By Chris Chilton
Month 2 running a Ford Mondeo: fuel economy
The fuel figures in last month’s ‘Hello’ report were based on one 250-mile journey where I kept my distance from the right pedal like it had ebola because of meandering 60mph traffic and in deference to the motor’s youth.
The result was 48.9mpg, some way off the 56.5mpg official figure, but way better than the 38.9mpg I achieved over the course of 1153 miles this month while making lots of short urban runs and eating motorway like I was trying to outrun a Hollywood cyclone.
By Chris Chilton
Month 1 running a Ford Mondeo Estate: the introduction
Blimey, you took your time! Almost three years after it was launched in the US, Ford’s Fusion has landed on this side of the pond with a new, but very familiar badge: Mondeo. Ford puts the delay down to the restructuring of its business, which meant it didn’t have the capacity to build European volumes straight away. Plus, it allowed time to ready the car for a range of new Euro-friendly engines.
The Mondeo might have been late to the market, but its arrival at CAR couldn’t have been better timed, coinciding exactly with my birthday. Some men hit 40 and fight back with affairs and Fireblades. I capitulated to the slowest, most sensible long-termer I’ve run in 15 years of doing this job.
But by God it’s good. Maybe it’s an age thing; maybe it would have been rubbish last week, but right now, from where I’m standing (in the corduroy trousers section at Greenwoods) it’s a seriously impressive bit of kit. Handsome, with that imposing Aston-esque grille and confidently creased skin, and genuinely huge. At 4.9m, this is a seriously big car, both outside and in.
Technically, there are three body styles, but the four-door saloon exists only as a tax-friendly 99g/km hybrid. The others are the rakish fastback hatch, and the smart-looking wagon you see here, which commands a £1250 premium. The base petrol engine is the improbably small 1.0 Ecoboost triple, the only other spark-ignitors being a 158bhp 1.5 and a surely-exists-in-the-brochure-only 238bhp 2.0-litre turbo. Diesels start with a 114bhp 1.6TDCi, whose potential 79mpg isn’t the only reason you’ll last longer between fills. At over 12sec to 62mph it’ll take eons just to reach the next fuel station.
The next jump is to a more spritely 148bhp 2.0 TDCi and then on to the range-topping 178bhp 2.0 fitted to our car. None of the new Mondeos is particularly rapid in the face of VW and BMW opposition, and we reckoned the 178bhp car’s 8.7sec 0-62mph was about the bare minimum our spoiled AMG-weaned right feet could tolerate. Besides, when equipped with the optional Powershift six-speed dual-clutch ’box (£1370), there’s absolutely no difference in fuel figures between the two 2.0 diesels, both rating 58mpg on the combined cycle and emitting the same 128g/km of CO2. The manual alternative is almost 5mpg thriftier, incidentally, and 11g/km greener.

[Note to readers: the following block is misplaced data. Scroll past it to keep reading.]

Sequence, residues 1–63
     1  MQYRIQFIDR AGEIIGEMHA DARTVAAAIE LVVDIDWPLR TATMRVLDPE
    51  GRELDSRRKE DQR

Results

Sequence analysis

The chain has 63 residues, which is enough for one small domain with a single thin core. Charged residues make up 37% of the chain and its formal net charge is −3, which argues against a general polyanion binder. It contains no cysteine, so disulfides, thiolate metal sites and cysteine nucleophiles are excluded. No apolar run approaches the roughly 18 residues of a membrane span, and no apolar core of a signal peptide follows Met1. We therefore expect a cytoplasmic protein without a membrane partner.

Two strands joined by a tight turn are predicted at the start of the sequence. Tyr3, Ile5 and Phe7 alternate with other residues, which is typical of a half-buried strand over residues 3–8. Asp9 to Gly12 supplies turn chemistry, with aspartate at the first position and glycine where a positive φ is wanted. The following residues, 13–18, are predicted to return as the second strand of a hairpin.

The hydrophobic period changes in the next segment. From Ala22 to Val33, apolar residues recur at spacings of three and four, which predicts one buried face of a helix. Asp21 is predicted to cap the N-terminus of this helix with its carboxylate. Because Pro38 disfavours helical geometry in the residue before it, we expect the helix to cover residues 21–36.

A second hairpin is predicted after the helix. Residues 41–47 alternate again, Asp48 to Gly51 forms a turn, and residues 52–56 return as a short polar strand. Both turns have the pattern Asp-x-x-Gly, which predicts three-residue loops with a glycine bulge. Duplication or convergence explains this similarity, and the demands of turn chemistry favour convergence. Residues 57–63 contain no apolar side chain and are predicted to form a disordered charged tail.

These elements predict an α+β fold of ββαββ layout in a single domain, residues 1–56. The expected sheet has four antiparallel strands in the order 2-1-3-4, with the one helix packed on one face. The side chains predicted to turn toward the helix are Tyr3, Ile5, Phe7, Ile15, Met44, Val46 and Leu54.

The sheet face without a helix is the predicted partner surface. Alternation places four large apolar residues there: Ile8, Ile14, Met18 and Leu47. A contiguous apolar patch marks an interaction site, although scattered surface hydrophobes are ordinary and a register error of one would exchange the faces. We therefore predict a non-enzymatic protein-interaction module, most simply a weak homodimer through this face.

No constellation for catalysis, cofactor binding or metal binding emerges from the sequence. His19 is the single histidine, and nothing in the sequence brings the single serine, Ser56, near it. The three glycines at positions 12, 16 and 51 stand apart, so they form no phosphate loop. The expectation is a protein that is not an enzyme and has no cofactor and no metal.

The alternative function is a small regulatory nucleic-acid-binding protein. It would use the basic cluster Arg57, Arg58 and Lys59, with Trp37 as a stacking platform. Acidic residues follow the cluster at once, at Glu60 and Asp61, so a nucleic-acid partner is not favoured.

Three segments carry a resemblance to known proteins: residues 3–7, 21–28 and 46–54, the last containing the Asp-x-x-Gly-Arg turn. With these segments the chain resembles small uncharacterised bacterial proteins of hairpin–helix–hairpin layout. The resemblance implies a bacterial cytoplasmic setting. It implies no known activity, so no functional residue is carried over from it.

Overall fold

Trim levels are simple to understand and generous. Even bottom-rung Style gets DAB, 8in touchscreen, dual-zone climate and 16in alloys, while Zetec, whose chrome window surrounds and foglights make it look far more appealing, adds all-round electric windows, more seat adjustment and cruise control. But we mirrored the choice of over half of Mondeo buyers and chose Titanium trim, with sports seats, sat-nav, auto lights/wipers, lane departure warning and 17in rims.
To that we added the only remotely vibrant paint option in the palette, 19in wheels, panoramic sunroof, keyless entry, Ford’s autonomous braking system, upgraded Sony touchscreen nav and a few other morsels, which pushed the base price from £26,865 to £31,135. A lot for a rep car with cloth seats, but a lot less than for a smaller, less lavishly equipped 3-series.
What do we think so far? It feels like a big car inside, but from the driver’s seat too, at least when parking, with its chunky swept-back pillars and poor turning circle. Get it moving though, and it shrinks like a bag of crisps at 500 fathoms. It’s surprisingly agile, flicking through corners with the zeal of a smaller car, the body control that holds it all together on a B-road not coming at the expense of ride comfort. The biggest impression is of the overall mechanical refinement. It’s impressively hushed and comfy, and for all our obsessing over on-limit handling, isn’t that what really counts in a hard-working car like this?
The only real letdown is the centre console. Step out of the new Passat into the Mondeo and it feels decidedly low rent. And we’re going to have to get used to using the SYNC multimedia system’s voice-activation because the screen’s icons are too fiddly. There’s much to like here though, the big question being whether anyone will notice. The shift to SUVs has decimated the market for this kind of car. Are you about to make the same move? Our Mondeo has six months to change your mind.
By Chris Chilton